Dr. Warmack made his campus available, made his faculty available. He's been right at the epicenter of efforts to address these issues since then, and so I really believe that we owe it to the people of St. Louis and Harris-Stowe State University to make sure they have the resources they need to do the job right. He's got some challenges ahead, as he remakes the financial model and the academic model for his institution, but I'll guarantee you that at the rate he's going, he will make that an absolutely stellar institution within the next two years.

On remedial education:

Many of our students coming out of high school are not prepared to do college work. We've asked ourselves why is that, what is our responsibility and how can we help our public schools in preparing these students to come to college ready to learn at the college level. That means we have to get outside of our offices and down into those institutions.

Something like 36 percent of the students coming to college have to take remedial courses. They take those, and they have to pay for them. They don't receive any credit for them. That just simply gets them up to a level where they can do the actual college courses that they're going to earn credit for. 

In the last two years, we've seen an almost 10 percent decline in the number of students having to take remedial courses. They're now enrolled in full credit bearing courses. And the institutions are very excited about that, and I think students are going to be a lot more amenable to that kind of arrangement.

On the tie between degrees and jobs:

Credit Image courtesy of St. Louis Community College

If you're going to satisfy your growing demand for careers in the STEM disciplines (science, technology, engineering and mathematics), you've got to back up and look at what's happening in high school, and then help those kids as they transition to college to be sure that they're getting the courses they need when they need them to fill those positions when they graduate.

We’re hearing more and more as we talk strategically to folks in business, in government and in our communities that there is this disconnect between what students seem to have learned in college and what they may be expected to do when they enter the workforce. If you're working with a target that's constantly moving and evolving, these jobs and the requirements for them are changing all the time and it's very difficult for higher education to keep up with those changes. That is something we recognize we have to do. 

On convincing people you’re doing a good job but also asking for more money:

We need to appoint a blue ribbon panel that takes a hard look at higher education and reaches some conclusions about how well we're doing our jobs, that either affirms that we're being more efficient or we're not and can do better. I think we could withstand that kind of scrutiny, and it's important to the people of Missouri that we engage in that kind of activity. That's a pretty big tall order, and you probably need a governor directing that.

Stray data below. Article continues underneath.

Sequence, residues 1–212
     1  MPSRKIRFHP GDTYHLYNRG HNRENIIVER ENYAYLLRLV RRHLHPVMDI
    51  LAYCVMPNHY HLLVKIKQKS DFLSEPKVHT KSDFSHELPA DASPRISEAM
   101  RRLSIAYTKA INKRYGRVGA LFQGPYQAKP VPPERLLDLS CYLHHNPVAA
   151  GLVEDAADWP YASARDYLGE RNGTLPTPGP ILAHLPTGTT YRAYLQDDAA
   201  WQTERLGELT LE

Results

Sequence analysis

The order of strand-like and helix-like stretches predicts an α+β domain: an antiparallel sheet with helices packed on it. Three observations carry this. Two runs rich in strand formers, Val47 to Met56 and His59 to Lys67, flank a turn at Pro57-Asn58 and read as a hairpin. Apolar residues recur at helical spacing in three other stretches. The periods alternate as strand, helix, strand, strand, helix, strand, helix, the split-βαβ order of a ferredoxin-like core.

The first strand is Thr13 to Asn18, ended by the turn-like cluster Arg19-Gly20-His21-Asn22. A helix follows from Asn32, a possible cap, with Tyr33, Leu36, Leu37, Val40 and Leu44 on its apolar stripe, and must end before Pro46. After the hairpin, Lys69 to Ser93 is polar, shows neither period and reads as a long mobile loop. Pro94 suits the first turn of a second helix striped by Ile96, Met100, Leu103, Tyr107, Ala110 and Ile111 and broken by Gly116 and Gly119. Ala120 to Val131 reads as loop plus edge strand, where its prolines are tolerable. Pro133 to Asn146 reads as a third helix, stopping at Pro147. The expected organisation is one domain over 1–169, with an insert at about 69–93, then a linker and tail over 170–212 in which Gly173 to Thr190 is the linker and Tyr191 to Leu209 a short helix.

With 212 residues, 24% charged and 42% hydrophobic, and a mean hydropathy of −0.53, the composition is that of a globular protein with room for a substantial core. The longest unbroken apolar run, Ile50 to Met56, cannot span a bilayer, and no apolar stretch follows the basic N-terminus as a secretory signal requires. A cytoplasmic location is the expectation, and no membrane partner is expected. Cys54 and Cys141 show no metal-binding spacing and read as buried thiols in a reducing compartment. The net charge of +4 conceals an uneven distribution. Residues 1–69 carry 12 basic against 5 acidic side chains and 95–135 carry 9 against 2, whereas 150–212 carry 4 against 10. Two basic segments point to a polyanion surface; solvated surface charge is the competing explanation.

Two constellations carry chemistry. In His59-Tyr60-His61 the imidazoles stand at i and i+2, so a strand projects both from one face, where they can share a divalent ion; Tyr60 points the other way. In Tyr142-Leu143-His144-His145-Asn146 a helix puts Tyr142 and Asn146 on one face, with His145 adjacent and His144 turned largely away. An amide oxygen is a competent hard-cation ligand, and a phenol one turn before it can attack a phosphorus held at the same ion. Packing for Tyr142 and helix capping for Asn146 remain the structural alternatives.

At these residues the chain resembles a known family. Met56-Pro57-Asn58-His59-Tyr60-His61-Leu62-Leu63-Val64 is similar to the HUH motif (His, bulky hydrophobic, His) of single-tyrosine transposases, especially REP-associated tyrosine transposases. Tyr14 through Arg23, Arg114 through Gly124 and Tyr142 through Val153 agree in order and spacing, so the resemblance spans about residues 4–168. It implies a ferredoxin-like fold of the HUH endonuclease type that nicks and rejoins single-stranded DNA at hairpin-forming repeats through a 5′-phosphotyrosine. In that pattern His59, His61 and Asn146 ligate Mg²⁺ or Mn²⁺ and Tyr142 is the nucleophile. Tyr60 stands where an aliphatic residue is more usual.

I'd say people are definitely getting a bargain these days. Consider that only about 20 percent of the budget of the University of Missouri comes from the state of Missouri. You're talking about an institution that is keeping tuition level, is not receiving a significant portion of its overall budget from government and is finding other ways to raise the funds to operate its research programs as well as its baccalaureate programs.

On university research as a development tool:

Credit dleafy | sxc.hu

Every once in a while, universities hit the jackpot, but there aren't that many Gatorade discoveries out there these days. 

I don't look at university research as a pot of gold that can help the university fund its activities. It's more important that the university is providing a research outlet for budding businesses and entrepreneurs. Increasingly, business is looking to our universities to provide that research as they work on new product ideas. So that synergistic partnership between the two is going to redound to the Missouri economy in the long term. 

But we're operating with some disadvantages. One large one is that Missouri does not have a standing fund, a matching fund, that can be used whenever the federal government comes up with a proposal and seeks submissions on a particular research project. If you don't have a standing fund that you can apply against those grant applications, you're going to lose out on a lot of the very best, most lucrative grants, to other states that do have those kinds of matching funds standing by.

On grading his tenure as commissioner:

I would give myself an A-minus. I've managed to start a lot of reform-minded initiatives in higher education. In and of itself, that does not mark a successful term, but I feel like I've been successful in helping to change the nature of the conversation we're having about higher education and its accountability and its responsibility to the people of Missouri and to our businesses and communities and government. You can't do that overnight. It's been something we've had to work on consistently. But I feel very satisfied that we're on the right track. 

Follow Dale on Twitter:@dalesinger

Dale Singer began his career in professional journalism in 1969 by talking his way into a summer vacation replacement job at the now-defunct United Press International bureau in St. Louis; he later joined UPI full-time in 1972. Eight years later, he moved to the Post-Dispatch, where for the next 28-plus years he was a business reporter and editor, a Metro reporter specializing in education, assistant editor of the Editorial Page for 10 years and finally news editor of the newspaper's website. In September of 2008, he joined the staff of the Beacon, where he reported primarily on education. In addition to practicing journalism, Dale has been an adjunct professor at University College at Washington U. He and his wife live in west St. Louis County with their spoiled Bichon, Teddy. They have two adult daughters, who have followed them into the word business as a communications manager and a website editor, and three grandchildren. Dale reported for St. Louis Public Radio from 2013 to 2016.